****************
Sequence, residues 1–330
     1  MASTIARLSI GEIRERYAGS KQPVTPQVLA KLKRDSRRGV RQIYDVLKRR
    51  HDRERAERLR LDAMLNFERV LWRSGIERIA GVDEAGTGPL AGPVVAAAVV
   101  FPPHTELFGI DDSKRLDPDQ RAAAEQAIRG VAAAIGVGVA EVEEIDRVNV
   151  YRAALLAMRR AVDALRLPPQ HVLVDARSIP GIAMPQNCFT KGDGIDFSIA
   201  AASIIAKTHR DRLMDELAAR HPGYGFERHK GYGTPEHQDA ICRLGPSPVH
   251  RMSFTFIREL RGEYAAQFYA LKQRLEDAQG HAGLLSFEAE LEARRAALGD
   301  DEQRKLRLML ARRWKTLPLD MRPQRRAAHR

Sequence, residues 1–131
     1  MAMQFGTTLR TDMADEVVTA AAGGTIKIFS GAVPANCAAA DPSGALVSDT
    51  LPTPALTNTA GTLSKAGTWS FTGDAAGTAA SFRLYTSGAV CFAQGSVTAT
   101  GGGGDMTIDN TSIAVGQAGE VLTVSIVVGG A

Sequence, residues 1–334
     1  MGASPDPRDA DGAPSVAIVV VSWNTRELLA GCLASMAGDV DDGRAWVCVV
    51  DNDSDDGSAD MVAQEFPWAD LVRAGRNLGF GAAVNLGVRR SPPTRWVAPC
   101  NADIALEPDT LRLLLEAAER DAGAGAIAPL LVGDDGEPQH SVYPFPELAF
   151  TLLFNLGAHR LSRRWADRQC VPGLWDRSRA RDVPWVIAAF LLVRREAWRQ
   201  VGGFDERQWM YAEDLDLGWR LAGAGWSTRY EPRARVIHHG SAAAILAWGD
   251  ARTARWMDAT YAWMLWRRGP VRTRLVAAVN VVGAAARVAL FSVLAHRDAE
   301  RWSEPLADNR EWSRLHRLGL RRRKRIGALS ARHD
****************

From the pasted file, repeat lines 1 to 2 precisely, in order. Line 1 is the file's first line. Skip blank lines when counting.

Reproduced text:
Sequence, residues 1–330
     1  MASTIARLSI GEIRERYAGS KQPVTPQVLA KLKRDSRRGV RQIYDVLKRR